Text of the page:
Updates every Wednesday!
According to The News and Observer, the Virtual Paul’s Cross Project in the Hunt Library’s Teaching and Visualization Lab has “created a new approach to scholarly research that employs a host of disciplines and technologies.”
The project provides students, scholars, and the public with a 270-degree virtual experience of this central place in the religious, literary, political, and social life of 17th century London.
“We wanted to create new research tools – new tools for considering events of the past, new tools for, in effect, bringing words off the page – and for reintroducing ideas like performance and hearing instead of reading,” concluded Professor John Wall.
Drawing comparisons to the work of Thomas Jefferson and Stanford White at UVA, Inform: Architecture + Design in the Mid-Atlantic cites the Hunt Library “as a symbol of how long-held plans can be turned into lasting inspiration.”
The James B. Hunt Jr. Library was conceived and designed to provide a bold icon of NC State University’s commitment to educational innovation and to the transformational research and learning that happen on our campus.
Since its opening in January 2013, the new library has significantly raised the profile of the university through hundreds of articles, hundreds of thousands of interactions on the web, and a lively, inspiring conversation about the new space in the international social media.
- In April, the Hunt Library will be featured in the new PBS primetime series Cool Spaces (www.coolspaces.tv) as an iconic building driving educational change.
- Over 250 articles on the Hunt Library have appeared in print, television, and online media in local, national and international venues:
- Associated Press: Hunt launch covered globally in print and TV
- Sunday edition of Boston Globe: one of the world’s “five novel libraries”
- Complex magazine: ranked near the top of the 25 best academic libraries
- Ploughshares magazine: Hunt as prime example of how libraries stand poised for “a digital renaissance”
- Paris Review: discussion of the bookBot
- Time magazine: “the library of the future”
- Architect magazine: an “iconic social monument” capturing “the arc of the imagination”
- Forbes.com: “reinventing libraries for the future”
- The Globe and Mail: “the university library of the future”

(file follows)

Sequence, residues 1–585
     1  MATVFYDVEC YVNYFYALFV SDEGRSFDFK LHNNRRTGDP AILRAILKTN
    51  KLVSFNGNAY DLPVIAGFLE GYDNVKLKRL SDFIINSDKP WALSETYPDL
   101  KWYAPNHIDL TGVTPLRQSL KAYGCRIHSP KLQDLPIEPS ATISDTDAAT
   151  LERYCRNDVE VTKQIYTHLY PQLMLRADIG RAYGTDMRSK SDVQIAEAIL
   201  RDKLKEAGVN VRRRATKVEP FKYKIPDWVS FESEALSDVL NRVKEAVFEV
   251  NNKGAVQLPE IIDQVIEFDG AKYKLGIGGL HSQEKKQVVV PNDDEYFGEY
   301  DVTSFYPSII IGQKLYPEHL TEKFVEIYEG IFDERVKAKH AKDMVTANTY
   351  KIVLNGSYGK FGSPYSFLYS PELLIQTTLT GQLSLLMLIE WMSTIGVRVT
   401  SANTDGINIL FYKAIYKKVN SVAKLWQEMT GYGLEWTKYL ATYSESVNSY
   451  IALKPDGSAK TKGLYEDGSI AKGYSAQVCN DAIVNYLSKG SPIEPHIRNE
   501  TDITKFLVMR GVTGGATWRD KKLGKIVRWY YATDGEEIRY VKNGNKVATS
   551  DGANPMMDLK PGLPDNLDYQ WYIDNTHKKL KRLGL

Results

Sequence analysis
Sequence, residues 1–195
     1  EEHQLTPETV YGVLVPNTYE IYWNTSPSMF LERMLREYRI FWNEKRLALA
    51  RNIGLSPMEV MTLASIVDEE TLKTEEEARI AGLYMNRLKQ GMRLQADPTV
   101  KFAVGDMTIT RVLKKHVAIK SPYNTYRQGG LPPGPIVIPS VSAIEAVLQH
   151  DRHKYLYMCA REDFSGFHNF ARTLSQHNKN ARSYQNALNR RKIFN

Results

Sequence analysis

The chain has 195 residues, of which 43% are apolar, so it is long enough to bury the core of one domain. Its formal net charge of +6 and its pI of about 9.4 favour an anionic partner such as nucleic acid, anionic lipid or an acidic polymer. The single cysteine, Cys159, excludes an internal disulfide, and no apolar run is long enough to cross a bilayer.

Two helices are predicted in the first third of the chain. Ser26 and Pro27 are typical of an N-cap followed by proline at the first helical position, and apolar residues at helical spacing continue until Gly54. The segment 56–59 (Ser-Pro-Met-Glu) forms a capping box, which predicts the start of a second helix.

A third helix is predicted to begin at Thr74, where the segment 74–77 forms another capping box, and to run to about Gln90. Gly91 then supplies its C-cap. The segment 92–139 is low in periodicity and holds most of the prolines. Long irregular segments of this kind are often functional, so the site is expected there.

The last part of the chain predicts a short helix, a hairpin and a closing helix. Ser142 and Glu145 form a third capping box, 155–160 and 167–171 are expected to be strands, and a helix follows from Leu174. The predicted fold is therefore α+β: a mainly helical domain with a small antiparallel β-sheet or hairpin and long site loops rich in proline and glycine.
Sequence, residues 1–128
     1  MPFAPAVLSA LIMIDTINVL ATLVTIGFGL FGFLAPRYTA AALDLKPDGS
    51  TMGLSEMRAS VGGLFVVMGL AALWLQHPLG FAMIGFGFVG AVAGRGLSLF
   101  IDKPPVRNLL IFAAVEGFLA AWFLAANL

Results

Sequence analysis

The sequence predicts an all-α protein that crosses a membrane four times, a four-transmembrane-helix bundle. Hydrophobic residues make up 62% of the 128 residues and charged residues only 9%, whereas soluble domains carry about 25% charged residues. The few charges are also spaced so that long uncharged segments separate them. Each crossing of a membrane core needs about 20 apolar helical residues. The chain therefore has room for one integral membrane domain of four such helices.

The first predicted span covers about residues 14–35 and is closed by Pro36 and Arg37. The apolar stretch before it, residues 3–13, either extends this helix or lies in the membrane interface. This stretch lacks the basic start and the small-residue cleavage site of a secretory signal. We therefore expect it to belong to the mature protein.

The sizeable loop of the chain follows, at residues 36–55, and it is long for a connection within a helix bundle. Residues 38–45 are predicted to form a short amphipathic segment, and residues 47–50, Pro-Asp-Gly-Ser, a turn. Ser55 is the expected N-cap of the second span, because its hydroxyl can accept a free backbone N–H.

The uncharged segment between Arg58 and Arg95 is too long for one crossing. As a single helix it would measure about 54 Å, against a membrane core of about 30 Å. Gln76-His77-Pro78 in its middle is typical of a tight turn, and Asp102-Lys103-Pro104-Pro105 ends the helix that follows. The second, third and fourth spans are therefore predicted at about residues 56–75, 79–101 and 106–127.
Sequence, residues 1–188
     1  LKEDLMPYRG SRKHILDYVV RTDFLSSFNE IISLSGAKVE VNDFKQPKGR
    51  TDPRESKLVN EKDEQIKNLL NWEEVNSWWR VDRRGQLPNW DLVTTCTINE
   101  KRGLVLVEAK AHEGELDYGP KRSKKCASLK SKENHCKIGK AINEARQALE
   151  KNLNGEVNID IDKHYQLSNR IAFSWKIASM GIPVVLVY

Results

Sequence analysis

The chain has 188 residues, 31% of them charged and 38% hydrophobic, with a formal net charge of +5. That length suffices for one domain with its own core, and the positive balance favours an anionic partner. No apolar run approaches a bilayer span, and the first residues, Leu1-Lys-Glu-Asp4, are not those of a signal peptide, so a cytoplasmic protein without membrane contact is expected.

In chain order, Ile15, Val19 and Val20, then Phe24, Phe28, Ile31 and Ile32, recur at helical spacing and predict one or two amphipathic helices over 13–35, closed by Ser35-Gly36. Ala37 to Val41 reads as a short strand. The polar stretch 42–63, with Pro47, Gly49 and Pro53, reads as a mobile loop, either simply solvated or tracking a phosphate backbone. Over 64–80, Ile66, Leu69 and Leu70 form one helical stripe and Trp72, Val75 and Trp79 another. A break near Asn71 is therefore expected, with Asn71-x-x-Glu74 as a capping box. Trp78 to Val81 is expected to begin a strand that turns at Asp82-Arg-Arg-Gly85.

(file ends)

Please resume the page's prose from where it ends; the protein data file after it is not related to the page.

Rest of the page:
- Library Journal: the Hunt Library as cover story—“Tomorrow, Visualized”—for annual Library by Design supplement
- News 14: the Hunt Library “giving North Carolina worldwide appeal”
- Campus Technology: NC State’s “next-gen library”
- Consejo Profesional de Arquitectura y Urbanismo: featured as a “biblioteca del mundo”
- Full-age ads from NC State’s marketing team, featuring Hunt Library as the face of innovation and proof point of NC State’s determination to shape the future in high-profile outlets such as Time Magazine, The Chronicle of Higher Education, PC Gamer, and The Smithsonian.Over 156,000 views of the “Discovering the Hunt Library” social media page that collects the wave of tweets, posts, and other new media that fans are using to talk with each other about the building.
- Over 250,000 visits to the Libraries’ Hunt Library website.
- Over 44,000 views to the university’s Hunt Library mini-site from 39 countries including Brazil, Spain, the UK, China, and India.
- Almost 97,000 views of Hunt videos on the Libraries’ and the university’s YouTube channels.
- Almost 3000 of Hunt photos posted to My#HuntLibrary from 1200 NC State students and visitors from around the world.
- Scheduled tours for over 10,480 visitors—including every faculty member recruited by the university, as well as governors, legislators, diplomats, alumni, athletic directors and their recruits, architects, and educational innovators, not only from the U.S. but from France, Russia, Muldova, the Ukraine, Japan, China, Mexico, and Israel, just to name a few. Thousands of others have taken the Hunt Library self-guided mobile tour or just explored on their own.
- Site for 2nd international “Designing Libraries Conference,” hosting 250 library leaders, higher education leaders, architects, and others from the US, Canada, Europe, and Australia.
- Prestigious design awards:
- 2013 AIA/ALA Building Award for distinguished accomplishment in library architecture
- American Libraries’ “2013 Library Design Showcase”
- City of Raleigh Green Design Award
- Steady stream of social media activity with special emphasis on how the Hunt Library is an inspiration in recruiting and retaining students. Some representative samples:
- “I can’t wait to go to State because I hear the Hunt library is on point. I’ll probably end up living there…” Tweet
- “Seriously though—the NCSU Library makes me want to attend the school. It’s that awesome.” Tweet
- “So psyched to go to #NCSU, the Hunt Library is one of the coolest buildings in existence.” Libraries’ Facebook page
- “Hunt Library . . . Proof of why NC Sate is the best school in the country.” Tweet
- “Back at Hunt Library. I feel energized to study when I enter the doors.” Tweet